Tronox Marathon (The Empangeni sugar rush)

[MARATHON #251 / UNIQUE MARATHON #148 / 29 May 2022]

It was a bleak May for marathons. After running the Seshego 50k on the opening day of the month, circumstances conspired against me. The 8th of May is Mother’s Day and I am absolutely forbidden from running marathons on this weekend (since accidentally missing Mother’s Day for the Gabarone Marathon in 2018); I’d run all the far-flung marathons the following weekend and thought I’d save the travel budget for runs I’d not done before; The resurrected False Bay Ultra on 22 May is on my “to do” list but my mother was visiting us in Joburg that weekend and she would not have been impressed if her eldest son disappeared to Cape Town for a day.

That just left the last weekend to salvage some May marathon pride. I had my eye on two options – the inaugural Midvaal May Marathon and the Tronox Marathon in Empangeni. The decision was made for me when the “Sold Out” signs went up for Midvaal and I booked my flights to Durban.

From King Shaka Airport, Empangeni is about 150 kilometres up the north coast of KwaZulu Natal. Perhaps the biggest drawcard with running a marathon up the north coast of KwaZulu Natal in late May is escaping the bitter highveld winter for 24 hours. I travel pretty light for marathons but I could have left my tracksuit top at home. Empangeni does not know winter.

I arrived late afternoon. It would have been tight for me to make race registration but one of the perks with small town marathons is that they’ll make a plan for the travelling runner – and Nitsa from the organising team promised to keep my race pack aside for special collection on race morning.

There were about 200 entrants for the marathon.

On race morning there was a happy buzz at the start in Addison Park. The race started promptly at 6am and within one kilometre we were out of the city and into the countryside. It wasn’t long before the sky started morphing from black to purple but in humid conditions, the sweating had started long before the lazy sun emerged.

Within a kilometre we were out of the city and into the countryside.

In this part of the world there are sugar cane plantations as far as the eye can see (and the legs can run). When it comes to spirits, Tequila is the popular drink to associate with sunrises but nothing beats an Empangeni Rumrise (well rum is made from sugar cane and you run past acres and acres of unprocessed rum during the marathon).

A beautiful rumrise (running past acres of unprocessed rum).

A short out-and-back section gets you to the 6 kilometre mark and lets you meet and greet the other 200 runners. From here there is a dirt road section deep into the sugar cane fields for another 6 kilometres of out-and-back running.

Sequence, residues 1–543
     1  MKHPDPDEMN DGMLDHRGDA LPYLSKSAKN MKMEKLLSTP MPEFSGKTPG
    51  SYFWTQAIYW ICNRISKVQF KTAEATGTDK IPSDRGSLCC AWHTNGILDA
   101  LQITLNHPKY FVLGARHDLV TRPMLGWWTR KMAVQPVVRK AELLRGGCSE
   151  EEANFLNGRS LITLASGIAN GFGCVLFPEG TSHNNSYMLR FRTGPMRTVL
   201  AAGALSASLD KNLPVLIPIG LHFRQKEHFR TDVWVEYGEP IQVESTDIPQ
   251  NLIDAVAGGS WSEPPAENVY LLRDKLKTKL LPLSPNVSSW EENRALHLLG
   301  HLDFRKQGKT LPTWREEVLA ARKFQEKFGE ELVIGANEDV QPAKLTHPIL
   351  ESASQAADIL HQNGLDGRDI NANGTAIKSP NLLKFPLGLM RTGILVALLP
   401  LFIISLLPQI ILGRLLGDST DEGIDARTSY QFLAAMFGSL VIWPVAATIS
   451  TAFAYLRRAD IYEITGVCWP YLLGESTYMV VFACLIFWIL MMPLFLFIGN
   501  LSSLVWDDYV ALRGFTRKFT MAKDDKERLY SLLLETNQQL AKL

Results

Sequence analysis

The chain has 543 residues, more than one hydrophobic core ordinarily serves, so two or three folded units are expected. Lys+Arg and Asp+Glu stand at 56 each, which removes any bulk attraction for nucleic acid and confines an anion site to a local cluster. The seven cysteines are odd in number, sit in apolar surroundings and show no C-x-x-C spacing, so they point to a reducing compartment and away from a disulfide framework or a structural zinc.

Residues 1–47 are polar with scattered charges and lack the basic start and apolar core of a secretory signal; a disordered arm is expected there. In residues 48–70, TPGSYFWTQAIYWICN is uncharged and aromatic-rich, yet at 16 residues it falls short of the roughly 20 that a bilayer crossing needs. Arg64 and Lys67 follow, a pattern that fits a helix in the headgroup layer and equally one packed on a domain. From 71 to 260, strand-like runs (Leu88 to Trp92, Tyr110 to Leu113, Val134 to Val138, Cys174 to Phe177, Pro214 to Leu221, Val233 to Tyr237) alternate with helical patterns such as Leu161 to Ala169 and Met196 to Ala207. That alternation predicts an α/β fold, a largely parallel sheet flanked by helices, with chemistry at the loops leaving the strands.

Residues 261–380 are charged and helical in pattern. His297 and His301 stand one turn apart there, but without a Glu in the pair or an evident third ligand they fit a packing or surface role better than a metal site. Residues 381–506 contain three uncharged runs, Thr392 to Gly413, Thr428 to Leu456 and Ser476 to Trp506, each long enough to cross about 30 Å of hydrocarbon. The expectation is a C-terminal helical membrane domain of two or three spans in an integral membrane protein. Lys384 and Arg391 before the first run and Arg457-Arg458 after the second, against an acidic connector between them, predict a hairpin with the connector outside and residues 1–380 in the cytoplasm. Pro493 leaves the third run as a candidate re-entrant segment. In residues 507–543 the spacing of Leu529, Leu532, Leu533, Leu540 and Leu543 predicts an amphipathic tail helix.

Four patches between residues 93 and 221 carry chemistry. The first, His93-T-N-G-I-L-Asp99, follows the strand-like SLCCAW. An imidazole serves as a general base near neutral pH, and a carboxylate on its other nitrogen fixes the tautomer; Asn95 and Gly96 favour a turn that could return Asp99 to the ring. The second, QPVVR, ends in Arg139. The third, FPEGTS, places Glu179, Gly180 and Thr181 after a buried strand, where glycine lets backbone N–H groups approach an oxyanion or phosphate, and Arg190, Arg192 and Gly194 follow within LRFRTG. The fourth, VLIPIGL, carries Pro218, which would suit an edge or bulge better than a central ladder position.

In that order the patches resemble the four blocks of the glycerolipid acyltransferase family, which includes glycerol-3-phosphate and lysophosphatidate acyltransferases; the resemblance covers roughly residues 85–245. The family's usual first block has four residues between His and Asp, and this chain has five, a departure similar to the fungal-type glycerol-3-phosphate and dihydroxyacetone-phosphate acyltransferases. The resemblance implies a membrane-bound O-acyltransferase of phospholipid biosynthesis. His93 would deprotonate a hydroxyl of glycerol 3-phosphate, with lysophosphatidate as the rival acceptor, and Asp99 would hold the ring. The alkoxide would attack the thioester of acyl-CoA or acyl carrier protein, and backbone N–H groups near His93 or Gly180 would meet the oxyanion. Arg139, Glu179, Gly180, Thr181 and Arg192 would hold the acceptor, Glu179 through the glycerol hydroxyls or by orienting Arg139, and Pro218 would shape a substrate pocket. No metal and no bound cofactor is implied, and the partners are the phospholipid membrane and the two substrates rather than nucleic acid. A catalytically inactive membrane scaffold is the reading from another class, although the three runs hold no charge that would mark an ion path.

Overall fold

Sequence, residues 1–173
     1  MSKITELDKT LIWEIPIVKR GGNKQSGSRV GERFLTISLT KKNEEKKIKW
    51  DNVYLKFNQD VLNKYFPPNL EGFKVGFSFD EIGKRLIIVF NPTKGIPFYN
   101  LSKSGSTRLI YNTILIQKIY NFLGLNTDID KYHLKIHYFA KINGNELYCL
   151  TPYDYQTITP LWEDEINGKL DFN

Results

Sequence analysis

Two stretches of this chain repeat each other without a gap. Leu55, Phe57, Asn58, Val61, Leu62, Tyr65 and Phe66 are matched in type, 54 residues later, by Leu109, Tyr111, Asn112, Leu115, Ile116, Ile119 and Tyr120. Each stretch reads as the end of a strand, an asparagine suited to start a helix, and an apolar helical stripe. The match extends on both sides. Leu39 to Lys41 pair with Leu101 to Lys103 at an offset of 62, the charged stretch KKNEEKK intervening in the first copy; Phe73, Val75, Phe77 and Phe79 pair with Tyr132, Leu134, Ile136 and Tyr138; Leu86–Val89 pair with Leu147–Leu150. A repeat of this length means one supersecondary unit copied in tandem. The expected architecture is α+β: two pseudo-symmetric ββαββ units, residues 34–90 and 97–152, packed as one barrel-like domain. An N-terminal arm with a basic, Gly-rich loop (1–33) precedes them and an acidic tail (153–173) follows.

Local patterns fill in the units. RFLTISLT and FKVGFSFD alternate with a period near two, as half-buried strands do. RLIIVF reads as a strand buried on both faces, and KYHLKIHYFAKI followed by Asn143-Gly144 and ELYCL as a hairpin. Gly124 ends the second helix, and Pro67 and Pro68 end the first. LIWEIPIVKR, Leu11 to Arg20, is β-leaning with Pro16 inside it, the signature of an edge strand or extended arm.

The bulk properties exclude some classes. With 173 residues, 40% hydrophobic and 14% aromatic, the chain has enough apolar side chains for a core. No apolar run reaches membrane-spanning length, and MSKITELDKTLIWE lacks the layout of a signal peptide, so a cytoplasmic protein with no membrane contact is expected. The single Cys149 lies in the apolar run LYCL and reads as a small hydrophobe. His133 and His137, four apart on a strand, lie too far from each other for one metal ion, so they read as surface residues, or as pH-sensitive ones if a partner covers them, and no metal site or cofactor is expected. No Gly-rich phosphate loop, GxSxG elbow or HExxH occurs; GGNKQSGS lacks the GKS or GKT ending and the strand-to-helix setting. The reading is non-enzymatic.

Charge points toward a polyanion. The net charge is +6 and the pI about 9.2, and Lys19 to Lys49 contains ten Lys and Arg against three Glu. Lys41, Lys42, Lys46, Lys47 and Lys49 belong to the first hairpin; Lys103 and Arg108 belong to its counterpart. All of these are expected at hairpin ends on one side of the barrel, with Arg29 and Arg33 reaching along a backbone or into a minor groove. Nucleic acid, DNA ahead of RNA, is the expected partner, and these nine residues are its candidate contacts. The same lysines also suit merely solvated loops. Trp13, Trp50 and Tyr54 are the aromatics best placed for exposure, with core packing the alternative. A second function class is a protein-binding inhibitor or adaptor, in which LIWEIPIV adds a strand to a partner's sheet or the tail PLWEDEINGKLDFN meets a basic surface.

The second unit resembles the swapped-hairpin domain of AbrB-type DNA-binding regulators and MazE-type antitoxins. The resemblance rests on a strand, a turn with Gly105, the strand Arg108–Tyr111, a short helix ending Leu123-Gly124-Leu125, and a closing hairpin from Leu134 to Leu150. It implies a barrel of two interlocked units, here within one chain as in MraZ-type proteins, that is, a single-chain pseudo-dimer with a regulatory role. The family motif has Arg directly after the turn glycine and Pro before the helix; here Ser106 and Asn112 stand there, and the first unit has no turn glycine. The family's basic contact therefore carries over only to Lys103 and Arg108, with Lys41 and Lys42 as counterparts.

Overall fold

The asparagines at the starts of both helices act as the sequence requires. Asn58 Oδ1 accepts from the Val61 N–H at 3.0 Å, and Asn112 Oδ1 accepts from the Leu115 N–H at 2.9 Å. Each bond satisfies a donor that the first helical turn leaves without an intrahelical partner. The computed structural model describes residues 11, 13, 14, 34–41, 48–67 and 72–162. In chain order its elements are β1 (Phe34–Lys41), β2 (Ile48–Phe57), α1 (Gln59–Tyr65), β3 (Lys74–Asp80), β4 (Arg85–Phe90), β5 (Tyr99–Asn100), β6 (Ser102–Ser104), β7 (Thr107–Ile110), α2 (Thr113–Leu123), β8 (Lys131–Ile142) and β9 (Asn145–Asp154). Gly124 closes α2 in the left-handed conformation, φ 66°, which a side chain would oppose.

Having been stalked by lion-emblazoned meat wagons in Polokwane during the Seshego Marathon, I was pleased to see that the Empangeni ambulances have more friendly marketing techniques. Empangeni offers medical assistance with benefits promising that, “The patient always comes first.” Although the hospital is right next to the finish of Tronox Marathon, I didn’t pay them a visit as my happy endings involve beer after a marathon!

Medical care with benefits.

On the return of the second out-and-back, a short, sharp climb rewards you a nice view of Empangeni before 2 kilometres of steady downhill brings you back to the start at the 15 kilometre mark. Although you are constantly undulating over the first 15 kilometres, these are actually the flattest on the route.

You get a nice view of Empangeni on the back stretch of the second out-and-back.

Lest you are tempted to throw in the towel at this point, a long downhill shoots you past Addison Park and along the P425 service road all the way to the half marathon point – and this is where the real work starts.

The second half of this marathon starts with a long, steep 2.5 kilometre climb to the highest point on the route (an altitude of 135m). Your sole consolation for a the much tougher second half is that it is also the most scenic of the route. From the top of the hill you can enjoy a stunning view of the Okula River and Reding Dam. There’s 4 kilometres of very enjoyable downhill running through the countryside before the road flattens out for the last kilometre to the final turnaround point. The focal point of this section is an impressive rusty steel bridge.

Summitting the race’s toughest hill provides the reward of a great view of the Okula River.

Having seen the entire field three times over the various out-and-back sections, I’m confident that I was the only runner in out-of-province license plates. This usually proves to be a bit of a conversation starter and when curious compatriots asked if I came all the way just to run the marathon, I replied that I came to escape the icy Joburg winter and enjoy running in a vest again.

The route if made up of three separate out-and-back sections which allows you to get to know the rest of the field.

The iconic steel bridge and scenic Reding Dam section of the route came up in most of the chats I had with other runners. Most followed this up with the observation that old steel bridges like the one below are still standing after the floods but all the new ones are swimming with the fishes (I guess this highlights the difference between steel and steal).

The iconic steel bridge just before the final turnaround point.